As a reasonable person in an unreasonable country, what do you eat? What should you eat? Americans are so hungry for answers that Michael Pollan, who enlarged upon the question in The Omnivore’s Dilemma, was compelled to write a follow-up, In Defense of Food, in which he recommends a diet of plants and skepticism. But Food was evidently too circuitous a reply — “just tell us what to eat!” — and so its specific prescriptions were extracted and published as Food Rules, a no-nonsense pocket guide. (Sample guideline: if you’re not hungry enough to eat an apple, you’re not hungry.)
As sensible as these rules may be, they no more answer the original question than thousands of years of collective worship prove the existence of God. Where, then, is your empiricist to turn?
Colin Campbell, for one, went to China. After fighting malnutrition and cancer in the Philippines only to find his assumptions upended, he came across an article in Archives of Pathology that seemed to explain what he saw. So he set out to confirm — first, by conducting a series of experiments on rats and mice. He found that while carcinogens could be said to cause cancer, it was protein that activated and promoted cancer growth. Conversely, he could “turn off” cancer by decreasing protein intake; or by replacing the casein of the original experiments (as found in milk) with a plant-based protein like gluten (as in wheat) or soy.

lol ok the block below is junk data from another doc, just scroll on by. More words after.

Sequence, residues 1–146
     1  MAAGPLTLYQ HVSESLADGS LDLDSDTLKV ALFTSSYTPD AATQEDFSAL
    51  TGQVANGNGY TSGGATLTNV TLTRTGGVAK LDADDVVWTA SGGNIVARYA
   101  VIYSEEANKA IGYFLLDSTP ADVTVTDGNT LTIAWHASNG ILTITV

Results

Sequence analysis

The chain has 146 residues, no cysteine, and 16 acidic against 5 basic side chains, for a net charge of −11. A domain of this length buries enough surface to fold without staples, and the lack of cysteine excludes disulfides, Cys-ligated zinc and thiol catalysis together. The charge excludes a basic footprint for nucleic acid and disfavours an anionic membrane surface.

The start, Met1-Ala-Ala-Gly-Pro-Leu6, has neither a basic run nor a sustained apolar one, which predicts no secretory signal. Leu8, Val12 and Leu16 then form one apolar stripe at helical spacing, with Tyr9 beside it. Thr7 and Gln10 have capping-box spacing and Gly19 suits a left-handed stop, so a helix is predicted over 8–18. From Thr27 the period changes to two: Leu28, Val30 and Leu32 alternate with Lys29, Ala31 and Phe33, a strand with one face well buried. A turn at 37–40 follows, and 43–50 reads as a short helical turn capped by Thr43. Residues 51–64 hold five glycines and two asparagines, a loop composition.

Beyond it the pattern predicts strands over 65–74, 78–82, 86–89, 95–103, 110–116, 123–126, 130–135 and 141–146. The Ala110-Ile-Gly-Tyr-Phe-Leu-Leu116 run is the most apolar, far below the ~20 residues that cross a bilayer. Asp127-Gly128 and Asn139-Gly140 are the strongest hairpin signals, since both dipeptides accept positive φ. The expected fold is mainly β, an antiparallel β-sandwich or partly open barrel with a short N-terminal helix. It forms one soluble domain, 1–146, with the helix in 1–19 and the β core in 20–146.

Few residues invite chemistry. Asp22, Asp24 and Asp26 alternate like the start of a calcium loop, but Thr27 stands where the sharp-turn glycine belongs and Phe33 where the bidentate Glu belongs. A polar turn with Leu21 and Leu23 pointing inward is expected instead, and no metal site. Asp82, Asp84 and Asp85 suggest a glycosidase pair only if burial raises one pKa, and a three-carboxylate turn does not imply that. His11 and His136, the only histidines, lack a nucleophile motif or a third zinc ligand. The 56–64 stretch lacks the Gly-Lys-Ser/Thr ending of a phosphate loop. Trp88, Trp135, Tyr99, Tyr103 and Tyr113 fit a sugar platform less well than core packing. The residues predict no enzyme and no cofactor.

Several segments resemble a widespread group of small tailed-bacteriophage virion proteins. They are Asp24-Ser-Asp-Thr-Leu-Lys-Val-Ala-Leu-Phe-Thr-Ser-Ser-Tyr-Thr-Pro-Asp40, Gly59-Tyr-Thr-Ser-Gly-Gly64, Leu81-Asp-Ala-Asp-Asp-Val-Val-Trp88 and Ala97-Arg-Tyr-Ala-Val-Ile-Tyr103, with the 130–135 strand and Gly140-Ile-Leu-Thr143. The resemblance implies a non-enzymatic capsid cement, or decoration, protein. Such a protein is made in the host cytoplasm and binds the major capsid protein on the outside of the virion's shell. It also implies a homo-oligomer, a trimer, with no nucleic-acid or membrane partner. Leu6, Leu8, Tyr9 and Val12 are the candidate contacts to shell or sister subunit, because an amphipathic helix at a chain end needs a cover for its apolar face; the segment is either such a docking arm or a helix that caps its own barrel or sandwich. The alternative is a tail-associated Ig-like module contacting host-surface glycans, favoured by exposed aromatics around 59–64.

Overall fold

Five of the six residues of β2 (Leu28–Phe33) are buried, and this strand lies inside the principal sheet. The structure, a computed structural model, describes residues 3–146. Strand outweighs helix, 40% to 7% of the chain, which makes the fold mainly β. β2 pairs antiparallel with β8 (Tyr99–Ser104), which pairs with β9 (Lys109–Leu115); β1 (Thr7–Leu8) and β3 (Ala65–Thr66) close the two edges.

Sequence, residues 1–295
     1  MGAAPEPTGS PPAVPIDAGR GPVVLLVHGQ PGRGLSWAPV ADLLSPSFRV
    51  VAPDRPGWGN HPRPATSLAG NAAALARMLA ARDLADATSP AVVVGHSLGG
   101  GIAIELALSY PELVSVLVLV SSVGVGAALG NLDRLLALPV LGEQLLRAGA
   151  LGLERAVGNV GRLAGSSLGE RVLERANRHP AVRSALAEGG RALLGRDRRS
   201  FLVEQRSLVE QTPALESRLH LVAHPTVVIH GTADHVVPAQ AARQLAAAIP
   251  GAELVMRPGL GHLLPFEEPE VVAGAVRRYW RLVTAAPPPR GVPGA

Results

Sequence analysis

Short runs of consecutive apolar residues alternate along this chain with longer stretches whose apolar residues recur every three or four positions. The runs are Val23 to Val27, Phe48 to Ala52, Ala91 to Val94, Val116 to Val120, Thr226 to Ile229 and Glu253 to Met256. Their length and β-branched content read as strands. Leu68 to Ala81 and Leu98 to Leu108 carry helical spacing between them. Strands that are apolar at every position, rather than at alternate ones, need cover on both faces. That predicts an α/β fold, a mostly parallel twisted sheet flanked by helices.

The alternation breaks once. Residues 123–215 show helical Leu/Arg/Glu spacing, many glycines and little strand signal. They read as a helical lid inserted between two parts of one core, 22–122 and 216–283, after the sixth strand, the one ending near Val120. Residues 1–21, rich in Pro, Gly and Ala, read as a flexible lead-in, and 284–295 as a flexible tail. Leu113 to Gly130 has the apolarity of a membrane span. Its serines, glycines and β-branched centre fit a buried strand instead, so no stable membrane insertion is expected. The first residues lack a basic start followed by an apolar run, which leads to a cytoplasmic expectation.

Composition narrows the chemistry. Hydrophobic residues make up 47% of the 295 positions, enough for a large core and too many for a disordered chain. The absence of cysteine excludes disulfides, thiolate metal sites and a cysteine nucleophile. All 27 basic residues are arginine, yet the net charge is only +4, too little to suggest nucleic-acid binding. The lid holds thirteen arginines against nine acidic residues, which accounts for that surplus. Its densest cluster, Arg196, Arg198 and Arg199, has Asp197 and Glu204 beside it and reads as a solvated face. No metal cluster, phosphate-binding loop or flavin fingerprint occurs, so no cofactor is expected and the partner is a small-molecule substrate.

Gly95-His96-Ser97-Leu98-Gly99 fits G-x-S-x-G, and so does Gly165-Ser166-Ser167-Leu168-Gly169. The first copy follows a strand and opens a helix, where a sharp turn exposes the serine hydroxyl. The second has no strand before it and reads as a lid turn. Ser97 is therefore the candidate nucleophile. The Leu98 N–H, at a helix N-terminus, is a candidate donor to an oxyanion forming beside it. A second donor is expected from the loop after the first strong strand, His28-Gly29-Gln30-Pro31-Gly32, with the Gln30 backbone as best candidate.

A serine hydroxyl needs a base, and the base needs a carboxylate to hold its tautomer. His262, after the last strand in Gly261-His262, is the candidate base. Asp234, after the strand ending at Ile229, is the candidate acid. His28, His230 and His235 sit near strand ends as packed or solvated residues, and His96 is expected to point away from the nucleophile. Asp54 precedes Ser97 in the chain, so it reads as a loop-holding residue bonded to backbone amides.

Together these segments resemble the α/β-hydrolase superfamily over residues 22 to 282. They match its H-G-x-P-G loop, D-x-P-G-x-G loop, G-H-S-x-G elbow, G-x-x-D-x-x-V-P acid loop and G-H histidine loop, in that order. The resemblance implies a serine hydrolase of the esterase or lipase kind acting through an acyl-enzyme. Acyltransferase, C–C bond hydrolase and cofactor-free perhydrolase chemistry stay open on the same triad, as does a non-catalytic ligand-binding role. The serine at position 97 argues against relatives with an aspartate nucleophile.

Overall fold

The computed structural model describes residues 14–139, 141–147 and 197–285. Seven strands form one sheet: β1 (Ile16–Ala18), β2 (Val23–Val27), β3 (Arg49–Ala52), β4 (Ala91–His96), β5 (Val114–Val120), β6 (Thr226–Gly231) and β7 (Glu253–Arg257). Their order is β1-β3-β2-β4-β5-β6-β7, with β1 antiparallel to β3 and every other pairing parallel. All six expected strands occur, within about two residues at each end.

Enter the China Project: a correlation study of 65 populations distributed throughout China, covering 24 out of 27 provinces, most of them rural. Health workers collected blood, urine, and questionnaires, surveyed household food consumption in person, and analyzed representative food samples from local markets in each region. Researchers then sifted through the data to look for associations.
For example, how does dietary fat relate to breast cancer rates? Or how does blood cholesterol relate to coronary heart disease? How does a certain kind of fatty acid in red blood cells relate to rice consumption? We could also compare blood testosterone or estrogen levels with breast cancer risk. We did thousands of different comparisons of this type.
And indeed, Dr. Campbell found enough correlations between protein intake and cancer incidence to suggest that his earlier lab results had some implications for humans. In the book he goes on to explore these implications by surveying the literature associating diet with disease. Online, however, he’s hounded by critics who take issue with the study’s design, its scope, its results, his interpretation of the results, and what they see as his agenda. Who knew that actually putting his data online would be such a mistake? Now he’s in the unenviable position of having to defend his work against a community whose idea of peer review is the trackback.
Meanwhile, Campbell reports that dairy consumption has been linked repeatedly to prostate cancer; to juvenile-onset (Type 1) diabetes in the nursing years; to multiple sclerosis (where latitude is also a factor, the wan polar climates unconducive to vitamin D production); to osteoporosis (bathing your innards in calcium may throw off the body’s natural calcium production); and to kidney stone formation. And if eliminating dairy from your diet — or meat or poultry or eggs, as Campbell likewise recommends — sounds as wrongheaded as eliminating, say, carbohydrates, I can only urge you to conduct research of your own; the demand is such that virtually any result will command an audience.